After WWI they moved to 72 rue Berbisey, Dijon, also in the Côte-d'Or department.
In 1910 or so Arbinet Frères began assembling motorcycles in Gevrey-Chambertin using parts from a variety of manufacturers including Clément, Dufaux and others, and some of the machines were apparently little different to the originals other than the paintwork and the name on the tank. The only machine known to be their own was powered by Zurcher.
Arbinet was established after WWI by the sons of one or both of the brothers Arbinet. There is evidence of an Arbinet Aîné (Arbinet Senior) marque in 1924 and 1927.1, 2
Post WWI production focused on vélomoteurs, but they also built larger machines including one with a Magnat Debon overhead-valve 350cc engine in an AYA frame, and another with a Train engine.
The marque was acquired by Grellaud & Guillon (G.G.) in 1934 and the name applied to their bicycles until 1941. They had occupied premises in Fontenay-le-Comte formerly owned by Guiller Frères, producers of Origan.
Arbinet Aîné 1924 175cc Train
Arbinet Aîné 1924 250cc Train
F1 1928 350cc 4T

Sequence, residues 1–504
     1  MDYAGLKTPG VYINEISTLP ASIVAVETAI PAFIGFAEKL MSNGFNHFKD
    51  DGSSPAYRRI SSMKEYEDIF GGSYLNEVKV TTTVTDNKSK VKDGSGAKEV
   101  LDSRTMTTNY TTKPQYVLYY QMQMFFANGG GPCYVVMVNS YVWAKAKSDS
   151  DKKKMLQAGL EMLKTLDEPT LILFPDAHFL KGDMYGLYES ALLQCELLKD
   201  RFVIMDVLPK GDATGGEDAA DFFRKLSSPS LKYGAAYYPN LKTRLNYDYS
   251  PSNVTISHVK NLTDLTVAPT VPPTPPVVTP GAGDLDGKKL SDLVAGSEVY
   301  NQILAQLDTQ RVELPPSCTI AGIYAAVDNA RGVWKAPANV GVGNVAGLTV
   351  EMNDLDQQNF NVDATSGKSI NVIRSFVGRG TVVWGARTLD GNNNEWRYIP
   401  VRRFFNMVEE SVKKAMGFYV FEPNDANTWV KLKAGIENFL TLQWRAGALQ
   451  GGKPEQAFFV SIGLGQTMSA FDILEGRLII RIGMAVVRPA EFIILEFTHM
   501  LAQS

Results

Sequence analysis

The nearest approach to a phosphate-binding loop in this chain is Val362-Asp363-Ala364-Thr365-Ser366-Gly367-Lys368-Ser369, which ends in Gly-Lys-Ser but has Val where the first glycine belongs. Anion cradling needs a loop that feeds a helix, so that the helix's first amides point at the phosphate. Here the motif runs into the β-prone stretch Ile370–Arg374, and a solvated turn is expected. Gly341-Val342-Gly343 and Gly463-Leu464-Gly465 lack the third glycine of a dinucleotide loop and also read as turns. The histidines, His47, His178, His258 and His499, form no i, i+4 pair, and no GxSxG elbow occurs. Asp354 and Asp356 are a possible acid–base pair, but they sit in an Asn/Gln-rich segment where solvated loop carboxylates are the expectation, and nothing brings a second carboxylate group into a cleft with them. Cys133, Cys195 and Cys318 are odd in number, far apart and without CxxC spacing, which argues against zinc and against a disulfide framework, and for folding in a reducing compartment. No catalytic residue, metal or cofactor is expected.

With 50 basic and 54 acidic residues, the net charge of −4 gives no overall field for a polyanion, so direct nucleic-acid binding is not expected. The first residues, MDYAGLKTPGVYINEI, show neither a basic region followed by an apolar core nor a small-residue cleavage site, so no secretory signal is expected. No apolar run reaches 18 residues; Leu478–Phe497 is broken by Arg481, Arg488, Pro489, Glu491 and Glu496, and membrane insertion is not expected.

F2 1928 350cc 4T
CSSG 1929 175cc Zurcher 4-stroke
ASSC 1929-1932 250cc Zurcher 4-stroke
BSSC 1929-1931 350cc 4T
CSSC 1929-1932 175cc 3 speed four-stroke
ESSC 350cc Zurcher 4-stroke 1931-1932
FSSC 500cc Zurcher 4-stroke
2. 1927 advert in Moto Revue reads "Arbinet Aîné".
There is a report of Massardier engines in use at some stage.
Tragatsch states that they built their own two-stroke engines of 98cc, 173cc, 198cc, 347cc and 497cc, but this is likely incorrect.
August 28th 2017
In reply to a question on clarification of Arbinet production dates, Javier Rodrequez writes:
Fri Nov 25 2005
thefrenchowl at btinternet dot com
The engine in those Arbinet was a Zurcher one, made by Alcyon, also French. Earliest date i can vouch for that 250cc side valve engine is 1912. I did visit the site where they were 1st built, a little village between Beaune and Dijon and was told at the time (mid 70's) that they started motorcycle manufacturing in 1913. They moved to Dijon itself after WW1